Strong attendance is critical for children to succeed!
Children who aren’t in school on time, every day fall behind. National and local data show that a student’s attendance, starting in Preschool and through the elementary grades, directly correlates with the student’s academic success. Specifically, students who chronically miss school in kindergarten score lower on 3rd-grade reading and math assessments than students who attend school regularly.
What is chronic absenteeism?
Chronic absenteeism is defined as missing 10% of the school year – 18 days or more in a 180-day school year. Even if absences are excused, even if they aren’t consecutive, missing school can lower a child’s academic achievement. Being out just two days every month throughout the year can add up to 18 days – leading a child to fall behind. It’s easy to underestimate how much school a child is missing if the days are intermittent.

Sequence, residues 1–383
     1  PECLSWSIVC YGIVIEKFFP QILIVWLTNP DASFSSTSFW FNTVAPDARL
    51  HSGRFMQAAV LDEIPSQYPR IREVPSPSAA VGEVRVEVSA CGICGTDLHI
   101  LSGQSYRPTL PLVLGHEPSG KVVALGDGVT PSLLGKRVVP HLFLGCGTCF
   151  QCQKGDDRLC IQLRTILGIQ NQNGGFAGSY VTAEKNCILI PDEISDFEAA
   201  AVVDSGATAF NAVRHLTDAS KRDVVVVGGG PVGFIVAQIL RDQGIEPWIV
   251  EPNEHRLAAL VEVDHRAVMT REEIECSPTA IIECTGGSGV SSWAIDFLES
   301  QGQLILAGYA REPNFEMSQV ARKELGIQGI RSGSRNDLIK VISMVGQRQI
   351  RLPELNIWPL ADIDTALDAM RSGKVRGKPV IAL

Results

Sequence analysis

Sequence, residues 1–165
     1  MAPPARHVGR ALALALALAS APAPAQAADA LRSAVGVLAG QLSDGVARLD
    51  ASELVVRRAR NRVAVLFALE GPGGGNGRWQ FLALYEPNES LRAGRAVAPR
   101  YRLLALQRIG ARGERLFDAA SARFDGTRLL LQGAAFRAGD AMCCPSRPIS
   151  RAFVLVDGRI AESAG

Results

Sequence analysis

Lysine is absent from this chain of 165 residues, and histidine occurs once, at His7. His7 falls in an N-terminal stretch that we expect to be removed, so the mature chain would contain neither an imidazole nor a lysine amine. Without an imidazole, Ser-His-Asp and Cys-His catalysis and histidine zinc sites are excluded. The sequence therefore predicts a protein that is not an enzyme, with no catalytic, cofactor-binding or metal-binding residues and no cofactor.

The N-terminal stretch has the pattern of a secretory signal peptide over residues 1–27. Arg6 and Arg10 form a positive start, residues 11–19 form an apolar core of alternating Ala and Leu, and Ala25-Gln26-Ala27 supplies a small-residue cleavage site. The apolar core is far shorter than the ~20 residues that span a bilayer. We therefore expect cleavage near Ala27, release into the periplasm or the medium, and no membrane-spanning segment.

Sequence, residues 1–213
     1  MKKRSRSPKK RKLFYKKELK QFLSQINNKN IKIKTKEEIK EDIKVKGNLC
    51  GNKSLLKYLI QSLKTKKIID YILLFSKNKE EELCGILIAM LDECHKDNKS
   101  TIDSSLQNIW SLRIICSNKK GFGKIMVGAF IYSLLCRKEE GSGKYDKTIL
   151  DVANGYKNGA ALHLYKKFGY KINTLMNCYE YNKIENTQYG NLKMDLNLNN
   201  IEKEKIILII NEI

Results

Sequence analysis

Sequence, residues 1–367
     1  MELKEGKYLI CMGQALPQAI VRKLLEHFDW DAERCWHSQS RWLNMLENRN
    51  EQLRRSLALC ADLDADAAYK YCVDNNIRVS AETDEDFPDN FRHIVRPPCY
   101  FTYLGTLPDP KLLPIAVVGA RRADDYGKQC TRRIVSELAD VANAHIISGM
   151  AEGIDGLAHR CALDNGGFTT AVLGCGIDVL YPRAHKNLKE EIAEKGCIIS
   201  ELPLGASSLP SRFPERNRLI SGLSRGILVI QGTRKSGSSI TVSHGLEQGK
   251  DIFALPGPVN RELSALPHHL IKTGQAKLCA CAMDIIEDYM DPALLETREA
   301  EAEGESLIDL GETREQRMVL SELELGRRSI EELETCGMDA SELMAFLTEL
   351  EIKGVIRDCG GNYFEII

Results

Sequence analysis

Findings from local data:
1 in 5
1 in 5 Kindergartners miss
too much school.
18 or more days
Students who miss 18 or more days in the K-3 years score 7-10 points lower on 3rd-grade reading and math assessments than those who attend regularly.
Students who come to kindergarten behind are more likely to be
Know your data – Form a team to review and analyze student-level data on a monthly basis. Immediately reach out to families whose children are missing too many days.
Use positive attendance messages – Clearly and continuously stress the importance of regular and on-time attendance. Consider participating in National Attendance Awareness Month in September.
Get others to join the cause – Communicate data to teachers, families, and afterschool providers, and educate them about how to encourage good attendance.
Share responsibility and accountability – Recognize that everyone can help create a culture of good attendance. Look to afterschool providers, libraries, city offices, businesses, and community volunteers to promote the importance of attendance, provide incentives, and monitor progress.